If you do feel like the conversation is going off-course, politely refresh audiences by reminding them of the room topic and ground rules.
6. Check out your attendee list.
If your other moderators or speakers have the room under control, give your attendee list a quick skim to see who’s listening. When you do this, look for high-profile listeners or Clubhouse members with a large following.
If someone interesting is in the audience, invite them to the stage if you feel they could contribute to the conversation. If they accept your invitation to speak, introduce them to the room.
7. Ask listeners to add their friends.
While room moderators can add more people to the discussion, or change privacy from Closed to Open at any time, room moderators can also encourage listeners to invite a few friends that would also enjoy the conversation.
8. Remove inactive moderators or speakers.
Occasionally, some speakers or moderators will leave the room but the Clubhouse app won’t automatically refresh. When this happens, I’ve seen moderators move inactive speakers back down into the audience. This helps control the number of moderators and speakers as well as the conversation.
9. Leave or end the room.
If you don’t have any other moderators, you can simply leave a room to end it. However, if you leave a room with other moderators assigned, it will keep going until all the moderators leave — or one of them ends the room.
If you need to end a room with moderators, you will need to do this manually by tapping the three dots in the top right corner and selecting “End Room.”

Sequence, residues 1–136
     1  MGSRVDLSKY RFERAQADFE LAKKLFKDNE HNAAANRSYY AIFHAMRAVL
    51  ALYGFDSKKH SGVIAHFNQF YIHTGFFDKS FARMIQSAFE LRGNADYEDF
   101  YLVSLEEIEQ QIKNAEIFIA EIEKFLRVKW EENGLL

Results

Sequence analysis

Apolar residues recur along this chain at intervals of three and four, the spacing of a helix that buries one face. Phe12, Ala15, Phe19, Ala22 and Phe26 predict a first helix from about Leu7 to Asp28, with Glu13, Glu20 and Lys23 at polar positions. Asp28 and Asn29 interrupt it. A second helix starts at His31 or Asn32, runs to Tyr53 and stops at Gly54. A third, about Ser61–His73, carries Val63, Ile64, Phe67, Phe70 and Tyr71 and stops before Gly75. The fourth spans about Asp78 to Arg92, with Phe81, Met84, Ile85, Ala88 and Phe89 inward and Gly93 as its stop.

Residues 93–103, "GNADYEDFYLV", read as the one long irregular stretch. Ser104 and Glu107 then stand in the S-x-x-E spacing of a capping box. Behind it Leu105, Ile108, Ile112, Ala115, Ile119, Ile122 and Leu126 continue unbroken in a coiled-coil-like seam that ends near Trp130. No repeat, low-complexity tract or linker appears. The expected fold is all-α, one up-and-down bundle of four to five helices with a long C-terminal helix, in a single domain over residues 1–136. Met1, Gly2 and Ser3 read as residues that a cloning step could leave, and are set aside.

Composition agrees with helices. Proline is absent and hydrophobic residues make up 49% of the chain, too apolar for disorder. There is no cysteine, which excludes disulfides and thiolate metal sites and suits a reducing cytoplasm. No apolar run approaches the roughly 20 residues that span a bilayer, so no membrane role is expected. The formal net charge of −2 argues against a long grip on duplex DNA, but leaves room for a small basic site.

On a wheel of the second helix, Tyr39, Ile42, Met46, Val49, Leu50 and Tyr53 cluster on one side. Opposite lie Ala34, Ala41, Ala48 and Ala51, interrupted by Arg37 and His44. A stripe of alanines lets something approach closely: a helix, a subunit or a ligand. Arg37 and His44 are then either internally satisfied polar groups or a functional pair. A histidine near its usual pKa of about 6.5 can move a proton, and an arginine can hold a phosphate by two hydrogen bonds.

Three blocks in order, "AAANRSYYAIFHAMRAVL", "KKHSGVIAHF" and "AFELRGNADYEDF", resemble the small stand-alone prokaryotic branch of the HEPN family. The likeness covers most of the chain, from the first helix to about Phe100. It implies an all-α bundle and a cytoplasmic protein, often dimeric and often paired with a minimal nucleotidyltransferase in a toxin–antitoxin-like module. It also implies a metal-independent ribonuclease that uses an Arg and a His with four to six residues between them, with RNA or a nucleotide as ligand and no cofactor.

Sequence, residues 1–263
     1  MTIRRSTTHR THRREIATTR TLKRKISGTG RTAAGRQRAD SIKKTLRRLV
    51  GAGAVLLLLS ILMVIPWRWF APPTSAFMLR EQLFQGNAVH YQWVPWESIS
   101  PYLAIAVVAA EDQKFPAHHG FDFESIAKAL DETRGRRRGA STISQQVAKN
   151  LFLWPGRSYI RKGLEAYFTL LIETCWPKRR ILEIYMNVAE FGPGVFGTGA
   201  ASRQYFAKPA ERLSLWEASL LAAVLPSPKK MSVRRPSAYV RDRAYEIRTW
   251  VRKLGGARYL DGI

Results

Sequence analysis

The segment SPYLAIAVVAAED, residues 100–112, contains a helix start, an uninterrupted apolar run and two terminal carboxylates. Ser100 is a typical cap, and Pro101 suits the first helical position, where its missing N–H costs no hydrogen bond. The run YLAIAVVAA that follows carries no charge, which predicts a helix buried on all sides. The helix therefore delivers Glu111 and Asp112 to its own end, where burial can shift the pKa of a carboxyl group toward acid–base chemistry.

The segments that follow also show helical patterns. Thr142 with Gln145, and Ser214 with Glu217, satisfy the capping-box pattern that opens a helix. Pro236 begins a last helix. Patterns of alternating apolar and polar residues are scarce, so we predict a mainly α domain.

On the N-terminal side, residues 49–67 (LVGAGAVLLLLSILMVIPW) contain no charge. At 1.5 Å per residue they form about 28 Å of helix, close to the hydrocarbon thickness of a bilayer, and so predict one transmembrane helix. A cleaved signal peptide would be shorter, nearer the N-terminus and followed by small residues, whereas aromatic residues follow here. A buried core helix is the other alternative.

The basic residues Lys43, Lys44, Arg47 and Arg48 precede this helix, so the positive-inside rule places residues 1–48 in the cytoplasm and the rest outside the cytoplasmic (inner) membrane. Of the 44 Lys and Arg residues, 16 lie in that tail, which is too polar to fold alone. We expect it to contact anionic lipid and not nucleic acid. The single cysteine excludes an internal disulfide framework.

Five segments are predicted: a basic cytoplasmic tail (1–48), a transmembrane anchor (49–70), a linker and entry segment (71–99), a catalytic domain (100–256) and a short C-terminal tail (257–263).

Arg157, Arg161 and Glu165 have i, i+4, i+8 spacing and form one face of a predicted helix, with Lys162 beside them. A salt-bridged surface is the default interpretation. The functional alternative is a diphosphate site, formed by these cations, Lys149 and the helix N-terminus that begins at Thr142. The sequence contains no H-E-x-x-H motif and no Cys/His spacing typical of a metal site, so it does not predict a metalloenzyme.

If you want to leave a room you launched, but don’t want it to end for audiences, you can designate a moderator before you leave.
Because multiple moderators can keep a room going, it can last for hours or days. But, if you return to a room you started after leaving it, you will still regain your moderator privileges and your ability to speak and take over.
While it’s still a bit early to determine Clubhouse best practices, here are a few things you can do to learn more about the app and how to use it:
- Check out a few rooms related to your industry for discussion-topic inspiration.
- Take note of how moderators manage room conversations while still allowing audience members to speak.
- Join clubs and follow users with similar interests as you to build your Clubhouse network.
- Gain awareness and more followers by participating in rooms, raising your hand, or hosting your own chats.
Want to learn more about Clubhouse’s short history and how it became one of the newest viral social media apps? Check out this post.